The Travels of Lao Ts'an Characters

Liu E

Characters Discussed

(Great Characters in Literature)

T’ieh Pu-ts’an

T’ieh Pu-ts’an, known as Lao Ts’an (low sahn), a man who wanders through the North China province of Shandong as an itinerant physician. The nickname Lao Ts’an means “Old Vagabond” and fits his unconventional style of life. In his travels, he savors the special character of each place while encountering old friends and making new ones. He is regularly drawn into some human problem and finds wise, just solutions. Lao Ts’an, a vigorous, healthy man of about fifty, has no home but resides in plain inns; he is a person of modest means but disdains money. He has few possessions beyond simple cotton clothes, a few books, his medicine chest, and a string of bells used by Chinese itinerant healers to attract patients. Lao Ts’an’s humble existence hides administrative insight, considerable learning, a cultivated aesthetic sense, and a noble character. In addition to curing his patients, he helps control Yellow River flooding, exposes a ruthless official, shows a new magistrate how to suppress banditry, and prevents a miscarriage of justice. His sagacity leads others to treat him with the highest respect. Once his solutions are set in motion, Lao Ts’an leaves before he is fully thanked, to continue his wandering care for humanity.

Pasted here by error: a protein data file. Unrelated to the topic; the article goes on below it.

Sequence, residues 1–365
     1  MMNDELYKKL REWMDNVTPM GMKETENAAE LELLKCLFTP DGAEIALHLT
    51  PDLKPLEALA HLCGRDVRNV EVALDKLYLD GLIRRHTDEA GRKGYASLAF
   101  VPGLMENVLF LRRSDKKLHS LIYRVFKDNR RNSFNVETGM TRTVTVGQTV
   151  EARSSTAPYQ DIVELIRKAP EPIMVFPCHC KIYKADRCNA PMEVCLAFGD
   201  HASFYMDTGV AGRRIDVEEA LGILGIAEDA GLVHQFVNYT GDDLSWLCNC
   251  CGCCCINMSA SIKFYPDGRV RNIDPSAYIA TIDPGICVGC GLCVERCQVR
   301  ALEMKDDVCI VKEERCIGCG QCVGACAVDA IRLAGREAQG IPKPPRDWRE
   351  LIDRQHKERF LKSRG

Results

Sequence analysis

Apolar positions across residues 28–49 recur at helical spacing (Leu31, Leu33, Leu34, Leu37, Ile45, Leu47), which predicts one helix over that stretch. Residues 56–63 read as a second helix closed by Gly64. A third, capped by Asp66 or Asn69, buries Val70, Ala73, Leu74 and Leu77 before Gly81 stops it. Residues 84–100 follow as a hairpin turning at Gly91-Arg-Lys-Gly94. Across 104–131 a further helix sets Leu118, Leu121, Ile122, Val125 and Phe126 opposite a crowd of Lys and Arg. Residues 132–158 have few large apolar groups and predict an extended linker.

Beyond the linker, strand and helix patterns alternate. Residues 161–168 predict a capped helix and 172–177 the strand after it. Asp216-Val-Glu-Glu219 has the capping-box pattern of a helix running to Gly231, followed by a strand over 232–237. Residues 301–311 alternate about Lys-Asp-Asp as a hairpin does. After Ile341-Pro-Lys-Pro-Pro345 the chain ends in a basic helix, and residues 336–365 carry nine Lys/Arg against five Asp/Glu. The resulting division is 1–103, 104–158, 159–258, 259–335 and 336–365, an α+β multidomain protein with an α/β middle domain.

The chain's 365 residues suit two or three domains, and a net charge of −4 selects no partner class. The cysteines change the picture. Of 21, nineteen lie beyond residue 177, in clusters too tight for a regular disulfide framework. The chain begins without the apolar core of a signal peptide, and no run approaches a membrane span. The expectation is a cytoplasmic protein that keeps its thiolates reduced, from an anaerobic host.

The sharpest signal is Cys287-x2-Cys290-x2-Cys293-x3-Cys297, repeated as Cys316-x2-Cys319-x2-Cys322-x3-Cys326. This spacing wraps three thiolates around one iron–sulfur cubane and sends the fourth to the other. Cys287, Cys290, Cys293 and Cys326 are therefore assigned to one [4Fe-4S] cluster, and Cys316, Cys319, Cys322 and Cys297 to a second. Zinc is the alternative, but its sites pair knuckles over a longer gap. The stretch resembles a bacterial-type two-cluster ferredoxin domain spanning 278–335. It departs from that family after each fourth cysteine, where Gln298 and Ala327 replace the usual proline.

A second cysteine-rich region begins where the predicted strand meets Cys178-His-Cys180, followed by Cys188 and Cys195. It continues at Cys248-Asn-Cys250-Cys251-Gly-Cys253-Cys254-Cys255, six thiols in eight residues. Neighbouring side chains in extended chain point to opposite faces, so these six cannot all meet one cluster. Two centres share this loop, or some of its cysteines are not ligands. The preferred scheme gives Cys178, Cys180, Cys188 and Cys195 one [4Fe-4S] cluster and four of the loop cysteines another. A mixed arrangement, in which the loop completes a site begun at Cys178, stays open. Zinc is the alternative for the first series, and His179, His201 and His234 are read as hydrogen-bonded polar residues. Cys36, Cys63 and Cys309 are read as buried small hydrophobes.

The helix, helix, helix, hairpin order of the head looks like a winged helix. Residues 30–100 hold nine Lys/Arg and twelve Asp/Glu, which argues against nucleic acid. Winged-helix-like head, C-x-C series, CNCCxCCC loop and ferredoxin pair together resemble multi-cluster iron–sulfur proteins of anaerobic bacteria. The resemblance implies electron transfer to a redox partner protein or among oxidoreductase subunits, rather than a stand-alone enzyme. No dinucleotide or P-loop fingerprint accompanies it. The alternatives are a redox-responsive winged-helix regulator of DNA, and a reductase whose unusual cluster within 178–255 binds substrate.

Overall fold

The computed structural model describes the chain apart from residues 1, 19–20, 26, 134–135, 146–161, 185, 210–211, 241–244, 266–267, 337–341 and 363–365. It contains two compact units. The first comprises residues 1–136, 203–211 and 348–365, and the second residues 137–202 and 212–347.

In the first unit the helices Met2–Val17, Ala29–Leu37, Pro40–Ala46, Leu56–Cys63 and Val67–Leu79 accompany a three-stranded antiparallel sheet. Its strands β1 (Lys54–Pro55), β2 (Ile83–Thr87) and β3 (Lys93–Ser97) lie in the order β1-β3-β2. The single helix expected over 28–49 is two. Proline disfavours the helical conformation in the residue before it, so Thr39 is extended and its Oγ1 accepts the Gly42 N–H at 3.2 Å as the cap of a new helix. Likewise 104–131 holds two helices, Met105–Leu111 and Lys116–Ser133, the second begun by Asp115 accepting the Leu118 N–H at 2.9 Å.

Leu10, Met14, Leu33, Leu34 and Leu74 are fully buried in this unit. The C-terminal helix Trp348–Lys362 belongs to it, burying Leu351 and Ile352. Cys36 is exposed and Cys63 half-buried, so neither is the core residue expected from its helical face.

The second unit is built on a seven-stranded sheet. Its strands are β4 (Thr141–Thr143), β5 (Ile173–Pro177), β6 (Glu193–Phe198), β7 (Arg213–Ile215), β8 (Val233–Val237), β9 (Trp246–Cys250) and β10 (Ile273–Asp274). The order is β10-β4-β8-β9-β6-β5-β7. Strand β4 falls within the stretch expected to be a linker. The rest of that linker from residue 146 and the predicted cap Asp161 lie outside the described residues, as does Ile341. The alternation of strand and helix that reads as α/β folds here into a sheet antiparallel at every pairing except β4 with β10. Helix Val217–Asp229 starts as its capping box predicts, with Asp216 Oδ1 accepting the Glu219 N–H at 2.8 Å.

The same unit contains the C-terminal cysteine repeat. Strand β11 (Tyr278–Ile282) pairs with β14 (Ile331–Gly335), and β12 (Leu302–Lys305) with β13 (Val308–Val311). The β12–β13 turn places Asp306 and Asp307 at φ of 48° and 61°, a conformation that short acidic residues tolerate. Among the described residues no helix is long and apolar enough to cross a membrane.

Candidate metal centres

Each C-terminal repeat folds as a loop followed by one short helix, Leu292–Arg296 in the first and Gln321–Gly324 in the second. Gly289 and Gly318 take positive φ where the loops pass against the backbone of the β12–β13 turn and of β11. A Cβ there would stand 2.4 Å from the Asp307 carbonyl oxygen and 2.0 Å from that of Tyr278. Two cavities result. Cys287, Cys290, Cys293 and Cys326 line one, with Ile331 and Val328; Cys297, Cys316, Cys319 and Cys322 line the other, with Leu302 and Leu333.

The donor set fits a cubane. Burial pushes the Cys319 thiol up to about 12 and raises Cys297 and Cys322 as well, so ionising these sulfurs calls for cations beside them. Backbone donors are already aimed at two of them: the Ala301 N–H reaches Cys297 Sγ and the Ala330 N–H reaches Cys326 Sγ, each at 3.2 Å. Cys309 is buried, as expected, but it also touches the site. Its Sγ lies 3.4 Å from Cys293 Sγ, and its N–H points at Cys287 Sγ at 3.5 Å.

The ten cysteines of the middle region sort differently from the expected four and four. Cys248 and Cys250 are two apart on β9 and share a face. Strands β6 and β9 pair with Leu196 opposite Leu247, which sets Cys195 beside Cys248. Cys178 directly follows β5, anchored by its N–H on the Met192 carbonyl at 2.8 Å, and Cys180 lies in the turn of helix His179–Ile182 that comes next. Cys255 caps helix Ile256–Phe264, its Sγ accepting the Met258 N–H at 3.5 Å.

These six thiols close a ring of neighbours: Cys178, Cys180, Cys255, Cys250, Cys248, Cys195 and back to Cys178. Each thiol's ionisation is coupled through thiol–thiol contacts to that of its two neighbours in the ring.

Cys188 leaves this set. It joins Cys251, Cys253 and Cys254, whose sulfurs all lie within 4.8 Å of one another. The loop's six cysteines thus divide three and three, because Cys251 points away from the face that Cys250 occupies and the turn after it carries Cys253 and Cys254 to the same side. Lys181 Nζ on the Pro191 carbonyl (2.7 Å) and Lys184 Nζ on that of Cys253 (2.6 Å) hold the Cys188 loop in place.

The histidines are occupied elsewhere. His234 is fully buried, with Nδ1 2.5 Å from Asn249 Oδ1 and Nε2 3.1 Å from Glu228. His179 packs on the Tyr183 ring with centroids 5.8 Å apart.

Kao Shao-yen

Kao Shao-yen, a secretary to the governor of Shandong, who seeks Lao Ts’an’s treatment for his sick concubine. Through him, Lao Ts’an is brought to the attention of the governor.

Governor Chuang

Governor Chuang, the highest official in Shandong, who shows great favor to the apparently common medical practitioner Lao Ts’an by seeking advice and accepting his...

(The entire section is 705 words.)

The Characters

(Literary Essentials: World Fiction)

The picaresque novel does not focus on character development or such subtleties as motivation and alteration of character. In this respect, The Travels of Lao Ts’an follows the tradition faithfully.

Lao Ts’an is a wanderer throughout this chronicle of his travels. Although he has encountered all kinds of people, some good and some evil, they have not changed him—nor have his experiences. Throughout the narrative, he lives by exercising a code based on nobility, kindness, and consideration; this idealized personality is rounded out with intelligence, sensitivity, and artistic appreciation.

Those he meets during his travels develop only as characters with whom he shares a meal, a lodging, a conversation, or an adventure. With nothing happening to change them during the encounters, they pass out of the picture and others take their place. For example, one of the people with whom Lao Ts’an spends the most time is Jen-jui, a government official with a sense of humor and a taste for opium. It is he who arranges the marriage, almost as a practical joke, between Lao Ts’an and Huan-ts’ui, the prostitute they had agreed to rescue. Huan-ts’ui plays the helpless girl in distress, often in tears, but once married, she fades into the background. Mrs. Chia Wei, falsely accused of murder, provides the focus for one of the fuller adventures, but as a character she does not surpass her original status as a wronged woman. Villains such as Prefect Yu also do not reform.